Gang leaders and mediators named Ilopango, a town near the capital, a violence-free area where no crimes will be committed. Gang members will hand in weapons and stop all crimes, including extortion, kidnapping, theft, and murder. Some 18 municipalities in the country may eventually see the creation of such zones.
Gang mediators Bishop Fabio Colindres and ex-congressman Raul Mijango proposed the peace zones last November as a follow up to the truce between the Mara Salvatrucha (MS-13) and Barrio 18 gangs, which has seen murders drop by two-thirds since it was negotiated last year.
There remains some confusion over how the zones will be funded. Ilopango's Mayor Salvador Ruano told newspaper La Prensa Grafica that during a meeting with local politicians on January 22, Security Minister David Munguia Payes had offered $72 million to the local governments which may host the peace zones. Other mayors present at the meeting made conflicting claims, one stating the zones would be supported by "pure goodwill" and another saying each would be given between $100,000 and $500,000. Nothing was confirmed by the national government.
Earlier in the week, a charitable foundation was launched with the aim of raising funds internationally to pay for technical and human resources aimed at aiding the truce, El Diario de Hoy. The foundation will also carry out legal studies, research similar initiatives in other countries, and analyze effects of public policy on the truce.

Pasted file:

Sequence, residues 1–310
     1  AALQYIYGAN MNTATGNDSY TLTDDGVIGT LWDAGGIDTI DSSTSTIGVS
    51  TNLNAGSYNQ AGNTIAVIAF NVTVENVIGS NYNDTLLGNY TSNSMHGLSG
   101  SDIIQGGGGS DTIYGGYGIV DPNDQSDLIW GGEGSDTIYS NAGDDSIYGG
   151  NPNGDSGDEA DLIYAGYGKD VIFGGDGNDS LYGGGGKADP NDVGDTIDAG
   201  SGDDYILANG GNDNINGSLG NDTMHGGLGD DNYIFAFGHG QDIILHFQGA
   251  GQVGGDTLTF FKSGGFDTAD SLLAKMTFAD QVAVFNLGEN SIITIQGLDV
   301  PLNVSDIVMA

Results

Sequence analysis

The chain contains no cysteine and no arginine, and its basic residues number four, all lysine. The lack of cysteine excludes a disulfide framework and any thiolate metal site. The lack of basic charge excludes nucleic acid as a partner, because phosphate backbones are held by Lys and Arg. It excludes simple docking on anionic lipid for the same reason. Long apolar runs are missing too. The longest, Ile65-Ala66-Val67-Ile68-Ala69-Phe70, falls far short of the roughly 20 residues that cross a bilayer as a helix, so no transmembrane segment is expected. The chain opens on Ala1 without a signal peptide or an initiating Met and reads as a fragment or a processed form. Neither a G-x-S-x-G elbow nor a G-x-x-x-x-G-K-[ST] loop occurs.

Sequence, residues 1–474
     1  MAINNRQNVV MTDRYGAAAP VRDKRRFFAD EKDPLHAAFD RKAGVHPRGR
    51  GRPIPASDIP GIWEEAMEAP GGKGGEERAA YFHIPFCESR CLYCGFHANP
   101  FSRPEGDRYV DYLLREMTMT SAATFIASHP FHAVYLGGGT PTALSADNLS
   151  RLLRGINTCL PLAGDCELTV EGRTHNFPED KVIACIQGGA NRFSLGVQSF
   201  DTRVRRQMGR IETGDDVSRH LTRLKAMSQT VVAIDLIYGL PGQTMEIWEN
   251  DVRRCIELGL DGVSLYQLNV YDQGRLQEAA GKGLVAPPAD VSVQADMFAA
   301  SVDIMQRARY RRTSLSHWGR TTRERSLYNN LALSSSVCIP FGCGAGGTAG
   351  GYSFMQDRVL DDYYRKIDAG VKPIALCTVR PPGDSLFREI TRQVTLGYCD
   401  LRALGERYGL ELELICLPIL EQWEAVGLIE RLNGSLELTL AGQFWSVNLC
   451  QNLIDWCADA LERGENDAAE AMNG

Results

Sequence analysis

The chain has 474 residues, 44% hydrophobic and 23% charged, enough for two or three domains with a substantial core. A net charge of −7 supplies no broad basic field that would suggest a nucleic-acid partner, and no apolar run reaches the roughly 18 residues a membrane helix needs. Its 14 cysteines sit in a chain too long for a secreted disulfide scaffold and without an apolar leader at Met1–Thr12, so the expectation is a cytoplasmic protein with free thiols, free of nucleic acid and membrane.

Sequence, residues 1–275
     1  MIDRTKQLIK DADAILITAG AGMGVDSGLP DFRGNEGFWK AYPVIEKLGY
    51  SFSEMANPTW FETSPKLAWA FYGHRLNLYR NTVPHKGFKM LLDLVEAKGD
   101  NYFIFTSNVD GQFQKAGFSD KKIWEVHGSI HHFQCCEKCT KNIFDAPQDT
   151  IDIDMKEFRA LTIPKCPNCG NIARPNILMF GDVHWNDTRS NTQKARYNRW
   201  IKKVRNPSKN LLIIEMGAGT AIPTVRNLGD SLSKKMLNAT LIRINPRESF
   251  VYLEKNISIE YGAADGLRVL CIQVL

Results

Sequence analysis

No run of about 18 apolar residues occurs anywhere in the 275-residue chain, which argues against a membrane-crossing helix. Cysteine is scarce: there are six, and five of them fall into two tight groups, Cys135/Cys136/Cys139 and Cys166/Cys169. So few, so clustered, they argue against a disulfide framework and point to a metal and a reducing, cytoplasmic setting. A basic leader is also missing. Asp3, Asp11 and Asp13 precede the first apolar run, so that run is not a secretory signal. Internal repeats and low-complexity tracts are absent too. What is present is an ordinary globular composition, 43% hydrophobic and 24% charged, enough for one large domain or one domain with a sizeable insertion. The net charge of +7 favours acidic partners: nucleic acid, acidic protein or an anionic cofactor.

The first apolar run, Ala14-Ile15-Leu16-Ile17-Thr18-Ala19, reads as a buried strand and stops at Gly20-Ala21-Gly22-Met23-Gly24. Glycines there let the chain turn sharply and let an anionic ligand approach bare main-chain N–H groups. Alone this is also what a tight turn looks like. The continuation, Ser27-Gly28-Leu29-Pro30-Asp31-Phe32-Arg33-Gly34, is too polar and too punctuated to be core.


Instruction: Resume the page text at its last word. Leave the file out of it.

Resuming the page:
The next peace zone is scheduled to be inaugurated in Santa Tecla on the 25th, followed by another in Quezaltepeque on the 31st.
InSight Crime Analysis
While statements by gang representatives indicate a real will for this project to work, the plan is ambitious and will need tangible support from all sectors of society to succeed. Gang members have stated their desire to work in the legal economy, increasing the pressure on the government to provide them with job opportunities. Both the government and several multinational companies already have job programs in place for gang members, but they will likely need to expand them greatly as the peace zones multiply across the country.
One issue is extortion, which continues to be a major source of income for the gangs. Gang members have made clear they will continue extorting until conditions exist for reinsertion into society, reported D.C-area newspaper El Tiempo Latino. Some gang members have already complained that the government isn't doing enough to speed up this process.
Also unclear is the role of law enforcement. When the proposal for the peace zones was first launched, it was initially reported that police would stop large-scale operations and nighttime patrols in these areas. However, recent reports only discuss the gangs' side of the deal. Moving forward, the cooperation of security services will be essential -- police will need clear guidelines for what to do should an outbreak of violence occur in a peace zone.
The truce has been widely lauded as a success so far, demonstrating that there are alternatives to the "iron fist" approach previously employed by the Salvadoran government. However, there have also been reports the maras have taken advantage of the truce in order to regroup and reorganize.
This next phase could again set a precedent for countries grappling with gang violence around the world, but there are key issues which must be addressed for it to have a real chance of success.